d. So long as life remains in terrestrial soil, shales will accompany the burial of organic sediments, and carbonates will not be the dominant deposition. The decreased formation of carbonates is an indicator of the health of the life-sustaining atmosphere and water system. Whenever CO2 builds up from combustion of carbon compounds (or from a paucity of trees), there is a decrease of the oxygen fraction. This helps dissolve the exposed carbonates with the increase of acidity in the air and moves the earth towards a new life mix (water-dwelling creatures, at the expense of land dwellers).
Another indicator that the atmosphere was changing by the late Paleozoic, is the occurrence of massive cherts (which are secondary, not depositional) in the Permian. Whenever the atmosphere was acidic, as with carbonic acid, the solubility of silica was greater in the water (some lab data dispute this, maintaining that solubility does not increase with acidity). When the atmosphere changed from acidic towards neutrality in late Carboniferous (as vegetation created increased oxygen during the massive forests of the Mississippian and Pennsylvanian), the chert would have precipitated in subterranean waters (as they became more alkaline); this is noticed Particularly in the Permian, even in the shallow waters of the Kaibab seas, but also in the dunal sandstones later.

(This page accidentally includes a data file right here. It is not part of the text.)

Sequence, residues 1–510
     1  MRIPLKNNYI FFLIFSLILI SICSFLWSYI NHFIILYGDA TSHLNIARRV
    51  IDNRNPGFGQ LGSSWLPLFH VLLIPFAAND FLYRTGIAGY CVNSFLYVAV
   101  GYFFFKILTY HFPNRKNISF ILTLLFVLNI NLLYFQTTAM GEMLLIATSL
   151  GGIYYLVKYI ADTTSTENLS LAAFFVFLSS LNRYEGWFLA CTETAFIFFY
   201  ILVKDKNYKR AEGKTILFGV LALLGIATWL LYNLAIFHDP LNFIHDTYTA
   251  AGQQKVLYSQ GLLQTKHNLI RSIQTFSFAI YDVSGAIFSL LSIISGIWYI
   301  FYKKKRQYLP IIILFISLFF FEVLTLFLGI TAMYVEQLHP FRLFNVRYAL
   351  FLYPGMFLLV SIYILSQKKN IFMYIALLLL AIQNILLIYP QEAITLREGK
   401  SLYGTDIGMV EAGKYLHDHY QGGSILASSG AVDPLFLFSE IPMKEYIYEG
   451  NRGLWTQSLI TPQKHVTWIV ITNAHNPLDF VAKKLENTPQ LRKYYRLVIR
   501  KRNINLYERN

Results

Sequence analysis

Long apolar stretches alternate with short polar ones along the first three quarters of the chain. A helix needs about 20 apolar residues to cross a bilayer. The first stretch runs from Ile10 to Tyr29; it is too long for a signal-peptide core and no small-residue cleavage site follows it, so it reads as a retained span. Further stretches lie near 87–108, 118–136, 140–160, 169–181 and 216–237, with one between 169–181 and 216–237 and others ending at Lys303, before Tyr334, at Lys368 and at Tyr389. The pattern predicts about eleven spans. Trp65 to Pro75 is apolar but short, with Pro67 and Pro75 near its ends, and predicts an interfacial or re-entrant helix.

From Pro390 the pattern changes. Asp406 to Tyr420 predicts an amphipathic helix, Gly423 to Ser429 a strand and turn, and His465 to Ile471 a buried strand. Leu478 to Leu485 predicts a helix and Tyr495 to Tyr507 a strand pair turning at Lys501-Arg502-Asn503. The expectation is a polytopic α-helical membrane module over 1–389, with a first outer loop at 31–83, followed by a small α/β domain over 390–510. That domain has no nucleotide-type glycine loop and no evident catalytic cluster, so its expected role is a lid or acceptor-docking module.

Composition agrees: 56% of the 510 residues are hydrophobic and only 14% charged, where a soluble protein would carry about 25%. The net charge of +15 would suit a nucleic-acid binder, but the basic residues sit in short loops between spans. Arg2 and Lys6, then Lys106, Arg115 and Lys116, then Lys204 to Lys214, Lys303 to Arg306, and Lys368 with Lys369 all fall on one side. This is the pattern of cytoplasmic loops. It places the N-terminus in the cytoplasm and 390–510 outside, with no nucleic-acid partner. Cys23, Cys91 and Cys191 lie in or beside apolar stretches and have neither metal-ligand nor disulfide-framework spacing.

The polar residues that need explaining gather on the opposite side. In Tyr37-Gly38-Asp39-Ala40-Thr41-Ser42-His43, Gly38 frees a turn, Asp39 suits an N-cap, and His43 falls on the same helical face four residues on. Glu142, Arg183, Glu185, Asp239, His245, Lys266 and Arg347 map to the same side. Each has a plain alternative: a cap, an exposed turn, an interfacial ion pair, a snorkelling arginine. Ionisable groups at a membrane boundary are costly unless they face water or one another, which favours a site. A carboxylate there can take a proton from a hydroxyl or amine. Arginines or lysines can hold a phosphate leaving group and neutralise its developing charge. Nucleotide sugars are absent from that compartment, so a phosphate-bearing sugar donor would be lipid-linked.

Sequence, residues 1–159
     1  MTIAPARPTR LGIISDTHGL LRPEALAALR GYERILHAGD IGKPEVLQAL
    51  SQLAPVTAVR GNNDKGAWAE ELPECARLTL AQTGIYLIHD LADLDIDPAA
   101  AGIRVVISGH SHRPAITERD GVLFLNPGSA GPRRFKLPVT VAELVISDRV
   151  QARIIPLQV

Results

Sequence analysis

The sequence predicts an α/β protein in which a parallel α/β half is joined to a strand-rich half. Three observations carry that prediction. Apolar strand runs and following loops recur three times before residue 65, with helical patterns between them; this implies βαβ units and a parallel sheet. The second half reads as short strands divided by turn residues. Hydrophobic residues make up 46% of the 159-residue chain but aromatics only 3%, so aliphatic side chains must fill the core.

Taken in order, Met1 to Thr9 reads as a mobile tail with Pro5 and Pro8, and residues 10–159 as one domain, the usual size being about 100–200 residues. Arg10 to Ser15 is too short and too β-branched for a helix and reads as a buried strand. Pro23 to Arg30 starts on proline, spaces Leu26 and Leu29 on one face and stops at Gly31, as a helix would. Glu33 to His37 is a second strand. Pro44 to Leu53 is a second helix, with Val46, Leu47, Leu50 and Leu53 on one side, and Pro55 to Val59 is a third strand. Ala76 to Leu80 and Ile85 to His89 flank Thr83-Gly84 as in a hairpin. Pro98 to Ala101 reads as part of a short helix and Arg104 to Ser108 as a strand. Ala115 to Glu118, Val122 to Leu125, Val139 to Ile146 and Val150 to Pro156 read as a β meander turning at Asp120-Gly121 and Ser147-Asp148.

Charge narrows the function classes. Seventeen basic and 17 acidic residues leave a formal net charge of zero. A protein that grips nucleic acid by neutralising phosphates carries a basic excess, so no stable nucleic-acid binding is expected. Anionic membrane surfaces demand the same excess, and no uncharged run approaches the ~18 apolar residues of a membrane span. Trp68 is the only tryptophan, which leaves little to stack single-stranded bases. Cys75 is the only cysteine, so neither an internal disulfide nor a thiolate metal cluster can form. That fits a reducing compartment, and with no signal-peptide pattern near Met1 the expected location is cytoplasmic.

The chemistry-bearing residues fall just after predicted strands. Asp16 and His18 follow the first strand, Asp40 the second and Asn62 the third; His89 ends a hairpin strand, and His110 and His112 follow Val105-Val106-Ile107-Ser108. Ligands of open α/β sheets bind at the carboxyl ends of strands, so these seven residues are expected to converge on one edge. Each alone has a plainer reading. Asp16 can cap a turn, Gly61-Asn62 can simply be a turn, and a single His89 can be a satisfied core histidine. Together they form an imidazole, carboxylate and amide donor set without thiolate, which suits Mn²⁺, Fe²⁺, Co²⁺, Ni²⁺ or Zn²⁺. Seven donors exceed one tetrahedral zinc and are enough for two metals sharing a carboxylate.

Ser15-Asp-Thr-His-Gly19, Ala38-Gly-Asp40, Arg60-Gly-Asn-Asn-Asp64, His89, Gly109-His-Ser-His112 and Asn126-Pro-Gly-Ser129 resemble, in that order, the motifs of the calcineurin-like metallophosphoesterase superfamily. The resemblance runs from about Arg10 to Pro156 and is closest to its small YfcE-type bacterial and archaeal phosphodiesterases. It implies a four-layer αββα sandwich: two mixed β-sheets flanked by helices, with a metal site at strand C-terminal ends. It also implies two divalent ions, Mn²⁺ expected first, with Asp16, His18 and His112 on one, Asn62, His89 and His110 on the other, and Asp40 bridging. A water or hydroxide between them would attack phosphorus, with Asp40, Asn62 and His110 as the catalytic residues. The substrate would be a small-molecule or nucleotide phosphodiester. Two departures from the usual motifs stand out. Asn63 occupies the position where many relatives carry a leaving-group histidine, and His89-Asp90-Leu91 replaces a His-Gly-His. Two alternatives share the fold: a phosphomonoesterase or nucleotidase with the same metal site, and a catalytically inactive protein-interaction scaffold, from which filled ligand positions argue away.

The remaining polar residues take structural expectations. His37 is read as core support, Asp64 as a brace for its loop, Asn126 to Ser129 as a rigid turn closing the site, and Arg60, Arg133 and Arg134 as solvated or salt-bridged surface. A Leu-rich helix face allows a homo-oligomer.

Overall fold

A part of this changing atmosphere also caused increased occurrence of manganese and iron in the Permian- hence the color change from black shales in the Carboniferous to red beds in the Permian and Triassic. The change to alkaline waters must be responsible for the desert varnish seen in Permian rocks, because of the perpetuation of Mg and Fe from Mesozoic times. There is some part of this relation which increases the fraction of Mg/Fe, compared to nowadays, and this should allow a way of interpreting what was happening to the subsurface.